It’s not exactly the “Holy Grail,” but for business aviation operators and those whose job it is to install aircraft interiors, it’s close. What they’ve been so diligently seeking is a system that integrates all the various cabin electronics–lighting, audio-video equipment and communication systems–into a single, user- friendly, reliable and easily maintained unit. And in that best of worlds, the system and all its components would come from a single source, reducing the cost of the initial installation and subsequent maintenance and upgrades.
Now, Lufthansa Technik believes the goal to be at least within reach, in the form of its new Nice cabin and related avionics components, the acronym standing for networked integrated cabin equipment.
The effort by the Hamburg, Germany-based specialist in widebody interior completions began in mid-2002 when a cabin avionics “brain trust,” led by Australian-born engineer Andrew Muirhead, was assembled to work together as Lufthansa Technik Innovations Engineering. The new business division was Muirhead’s idea, according to a Lufthansa Technik spokesman. “The company had gotten tired of shopping around for the various cabin avionics components, and then being forced to create yet another cabin management system from scratch to tie it all together.”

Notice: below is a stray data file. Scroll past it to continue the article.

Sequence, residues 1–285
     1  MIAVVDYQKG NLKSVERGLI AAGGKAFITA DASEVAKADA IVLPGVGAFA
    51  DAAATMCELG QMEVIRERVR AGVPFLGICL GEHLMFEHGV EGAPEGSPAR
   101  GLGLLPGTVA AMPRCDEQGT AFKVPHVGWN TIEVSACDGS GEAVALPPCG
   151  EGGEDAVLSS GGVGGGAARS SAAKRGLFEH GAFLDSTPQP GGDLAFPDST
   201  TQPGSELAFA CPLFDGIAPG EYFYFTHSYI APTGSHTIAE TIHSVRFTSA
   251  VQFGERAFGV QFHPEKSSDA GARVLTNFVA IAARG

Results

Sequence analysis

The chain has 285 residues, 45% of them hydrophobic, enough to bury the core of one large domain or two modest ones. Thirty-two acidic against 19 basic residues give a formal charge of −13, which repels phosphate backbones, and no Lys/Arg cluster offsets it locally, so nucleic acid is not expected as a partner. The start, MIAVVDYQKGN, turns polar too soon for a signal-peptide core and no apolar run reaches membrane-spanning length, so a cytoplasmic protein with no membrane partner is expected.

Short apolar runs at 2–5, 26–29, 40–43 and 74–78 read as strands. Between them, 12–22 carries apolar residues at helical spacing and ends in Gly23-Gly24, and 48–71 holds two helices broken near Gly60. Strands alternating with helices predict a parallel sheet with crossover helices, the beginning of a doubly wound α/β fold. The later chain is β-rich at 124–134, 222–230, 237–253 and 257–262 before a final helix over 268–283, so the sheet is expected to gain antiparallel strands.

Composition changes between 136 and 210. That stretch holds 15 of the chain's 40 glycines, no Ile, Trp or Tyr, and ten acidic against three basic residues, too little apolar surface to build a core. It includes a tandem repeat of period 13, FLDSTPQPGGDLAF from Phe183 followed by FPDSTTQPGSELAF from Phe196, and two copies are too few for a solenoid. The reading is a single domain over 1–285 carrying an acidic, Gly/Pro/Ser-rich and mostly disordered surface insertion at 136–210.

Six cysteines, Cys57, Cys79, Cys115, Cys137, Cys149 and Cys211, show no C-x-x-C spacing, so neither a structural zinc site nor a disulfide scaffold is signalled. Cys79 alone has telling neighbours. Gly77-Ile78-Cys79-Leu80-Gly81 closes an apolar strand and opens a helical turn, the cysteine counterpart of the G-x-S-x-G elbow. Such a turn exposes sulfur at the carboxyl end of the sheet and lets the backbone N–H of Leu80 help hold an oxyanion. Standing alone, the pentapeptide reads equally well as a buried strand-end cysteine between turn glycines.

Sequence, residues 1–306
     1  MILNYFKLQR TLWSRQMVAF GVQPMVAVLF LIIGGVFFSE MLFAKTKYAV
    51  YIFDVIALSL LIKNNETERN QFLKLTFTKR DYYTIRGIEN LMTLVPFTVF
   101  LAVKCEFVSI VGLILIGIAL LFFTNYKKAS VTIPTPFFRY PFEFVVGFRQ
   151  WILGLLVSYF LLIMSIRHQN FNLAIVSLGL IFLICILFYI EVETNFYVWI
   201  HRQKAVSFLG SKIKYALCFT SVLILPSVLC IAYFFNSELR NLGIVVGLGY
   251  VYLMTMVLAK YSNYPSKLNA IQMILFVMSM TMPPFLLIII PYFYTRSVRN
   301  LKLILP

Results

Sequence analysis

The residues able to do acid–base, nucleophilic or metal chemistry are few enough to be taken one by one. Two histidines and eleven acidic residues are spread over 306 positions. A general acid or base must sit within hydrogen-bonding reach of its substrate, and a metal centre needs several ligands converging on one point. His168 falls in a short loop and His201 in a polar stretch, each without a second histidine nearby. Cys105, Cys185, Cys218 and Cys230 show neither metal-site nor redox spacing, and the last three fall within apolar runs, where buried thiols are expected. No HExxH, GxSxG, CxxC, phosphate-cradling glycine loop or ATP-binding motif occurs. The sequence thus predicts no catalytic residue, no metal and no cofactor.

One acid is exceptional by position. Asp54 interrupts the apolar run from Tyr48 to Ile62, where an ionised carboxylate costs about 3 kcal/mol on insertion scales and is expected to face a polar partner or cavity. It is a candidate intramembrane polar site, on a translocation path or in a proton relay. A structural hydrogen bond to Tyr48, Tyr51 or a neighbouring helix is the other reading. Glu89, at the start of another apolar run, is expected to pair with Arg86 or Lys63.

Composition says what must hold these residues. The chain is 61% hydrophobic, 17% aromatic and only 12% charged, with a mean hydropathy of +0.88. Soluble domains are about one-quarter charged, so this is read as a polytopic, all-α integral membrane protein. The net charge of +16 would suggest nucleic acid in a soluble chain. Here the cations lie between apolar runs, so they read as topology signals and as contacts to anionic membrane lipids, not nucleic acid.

The innovations team began by developing a number of new products:
- An “invisible” high-fidelity flat-panel audio speaker created by the attachment of audio transducers to existing cabin panels.
- A modular entertainment hardware rack to replace “one-off” racks that are heavier and cannot be adapted to fit new hardware.
- A combined satcom/satellite-direct television antenna for mounting in a radome atop the vertical stabilizer. The system has been certified for installation on the Boeing Business Jet.